"His last known movement was in Weymouth," he said. "We're hoping someone in Exmouth may remember him or have found his belongings, which could possibly be in a bed and breakfast he may have stayed at. Our focus now is to find out what happened to him. This is a critical phase for us. His death is still unexplained and we need to find out where he's been because this could lead us to determining how he died.
"There is no evidence to suggest a crime was committed.
"We want to make sure we have investigated all possible circumstances before bringing the case to a close and providing a report to the coroner ahead of them making a verdict."
In addition to conducting a public engagement exercise at the spot Mr Thorne's body was found, police released an e-fit of his face in the hope someone may recognise him.
"The e-fit was a useful tool," continued Det Chief Insp Mitchell. "It was there primarily to jog people's memories rather than being an exact likeness."
He added: "The response from the public was amazing, it has helped us massively – people really took the story on. We were still getting calls from people after Christmas from people who had seen stories in the Echo.
"We now need people's help in answering the questions the family have surrounding how he died enabling us to finish the last piece of the jigsaw."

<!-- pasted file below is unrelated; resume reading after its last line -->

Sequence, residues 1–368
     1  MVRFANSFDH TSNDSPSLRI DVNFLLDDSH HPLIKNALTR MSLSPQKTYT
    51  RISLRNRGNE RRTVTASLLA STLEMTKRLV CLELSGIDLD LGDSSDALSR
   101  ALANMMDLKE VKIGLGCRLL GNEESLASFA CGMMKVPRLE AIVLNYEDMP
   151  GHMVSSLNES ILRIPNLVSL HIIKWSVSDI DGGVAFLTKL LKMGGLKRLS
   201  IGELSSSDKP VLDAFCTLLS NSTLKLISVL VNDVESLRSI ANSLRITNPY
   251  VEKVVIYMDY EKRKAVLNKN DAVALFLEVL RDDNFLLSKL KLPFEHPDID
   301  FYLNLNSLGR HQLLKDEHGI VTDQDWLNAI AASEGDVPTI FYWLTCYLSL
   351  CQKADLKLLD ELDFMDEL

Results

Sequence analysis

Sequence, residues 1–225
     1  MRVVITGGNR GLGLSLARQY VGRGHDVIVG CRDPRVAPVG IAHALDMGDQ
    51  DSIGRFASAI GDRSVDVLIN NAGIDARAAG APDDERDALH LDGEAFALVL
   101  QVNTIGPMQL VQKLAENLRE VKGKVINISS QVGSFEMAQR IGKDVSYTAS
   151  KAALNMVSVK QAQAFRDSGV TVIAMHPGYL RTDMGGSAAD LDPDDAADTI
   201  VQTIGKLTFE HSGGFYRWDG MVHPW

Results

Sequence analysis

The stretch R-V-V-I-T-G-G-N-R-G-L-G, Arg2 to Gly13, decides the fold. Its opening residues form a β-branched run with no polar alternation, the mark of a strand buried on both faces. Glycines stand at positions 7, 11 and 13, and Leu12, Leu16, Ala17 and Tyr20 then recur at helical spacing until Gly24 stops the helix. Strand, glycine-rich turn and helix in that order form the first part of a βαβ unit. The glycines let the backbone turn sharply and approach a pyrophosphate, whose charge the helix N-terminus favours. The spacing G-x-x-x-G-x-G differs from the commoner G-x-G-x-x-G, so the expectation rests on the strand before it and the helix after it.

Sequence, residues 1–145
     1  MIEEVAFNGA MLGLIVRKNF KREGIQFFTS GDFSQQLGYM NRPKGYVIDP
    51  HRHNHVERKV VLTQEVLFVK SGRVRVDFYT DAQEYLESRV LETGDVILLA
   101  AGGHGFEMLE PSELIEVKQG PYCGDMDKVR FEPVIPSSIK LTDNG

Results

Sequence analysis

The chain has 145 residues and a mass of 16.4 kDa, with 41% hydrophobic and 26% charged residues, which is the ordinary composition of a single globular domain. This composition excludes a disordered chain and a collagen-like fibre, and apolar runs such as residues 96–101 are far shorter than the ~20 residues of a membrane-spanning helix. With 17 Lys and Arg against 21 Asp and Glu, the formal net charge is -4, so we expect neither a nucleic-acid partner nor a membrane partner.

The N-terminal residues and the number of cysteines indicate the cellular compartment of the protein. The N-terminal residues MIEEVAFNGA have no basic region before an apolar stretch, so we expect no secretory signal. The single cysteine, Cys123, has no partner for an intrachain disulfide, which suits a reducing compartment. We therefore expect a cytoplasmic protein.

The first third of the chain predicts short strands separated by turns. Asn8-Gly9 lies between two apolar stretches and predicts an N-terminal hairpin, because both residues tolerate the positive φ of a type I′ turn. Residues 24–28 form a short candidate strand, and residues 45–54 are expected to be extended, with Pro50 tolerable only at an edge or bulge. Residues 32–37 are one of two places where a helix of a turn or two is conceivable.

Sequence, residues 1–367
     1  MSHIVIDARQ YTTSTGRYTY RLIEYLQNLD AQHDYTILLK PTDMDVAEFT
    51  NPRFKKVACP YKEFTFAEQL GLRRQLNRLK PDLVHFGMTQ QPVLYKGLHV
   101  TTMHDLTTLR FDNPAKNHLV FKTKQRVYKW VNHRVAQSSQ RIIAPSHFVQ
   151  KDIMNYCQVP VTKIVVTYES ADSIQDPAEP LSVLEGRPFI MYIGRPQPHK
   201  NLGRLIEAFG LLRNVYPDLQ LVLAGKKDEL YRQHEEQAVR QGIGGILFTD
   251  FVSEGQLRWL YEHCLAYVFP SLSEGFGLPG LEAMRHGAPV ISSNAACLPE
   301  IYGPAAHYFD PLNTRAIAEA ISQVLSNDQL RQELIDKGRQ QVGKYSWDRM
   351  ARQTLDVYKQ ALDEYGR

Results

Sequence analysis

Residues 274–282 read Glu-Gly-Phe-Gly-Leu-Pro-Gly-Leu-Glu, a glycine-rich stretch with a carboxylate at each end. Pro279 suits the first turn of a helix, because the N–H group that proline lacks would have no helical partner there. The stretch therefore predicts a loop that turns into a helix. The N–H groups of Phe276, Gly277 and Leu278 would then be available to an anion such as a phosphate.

A tidal expert's report revealed that Mr Thorne must have entered the water between Exmouth Marina and where his body was found.
"John must have been staying somewhere locally," the detective said. "We knew he hadn't been in the water for long and he wasn't dressed for being out in the elements, so we knew he must have been staying locally if he wasn't from the local area.
"The challenge all along was identifying John," he added. "There was no way of knowing who he was as there were no possessions on him, no witnesses to how he ended up in the water. Usually, from identification, we could have started to unpick where he had been staying, spoken to people he may have met to build up a picture of his lifestyle and try to work out what happened.
"Now we know who he is we can try to work backwards to find out what happened.
"As well as providing continued support to the family, our investigation will now be focussed on responses from the public. We will follow up every phone call. Ultimately we will be providing a report to the coroner."
There are a number of Mr Thorne's possessions he is understood to have left home with that are unaccounted for which police are keen to trace.
These include a Franklin Mint round eagle watch with a gold face in the shape of an eagle, another watch engraved with his name, a silver link chain necklace of medium thickness, a flat black wallet containing a Barclay card and bus pass in his name and a bunch of four keys and a key fob with an image of a Welsh dragon on it.
Mr Thorne is thought to have left home wearing a plain nylon navy jacket with a collar and two side pockets.
Anyone that may have any information that could assist officers should phone 101, quoting police reference number, reference KE/12/1669.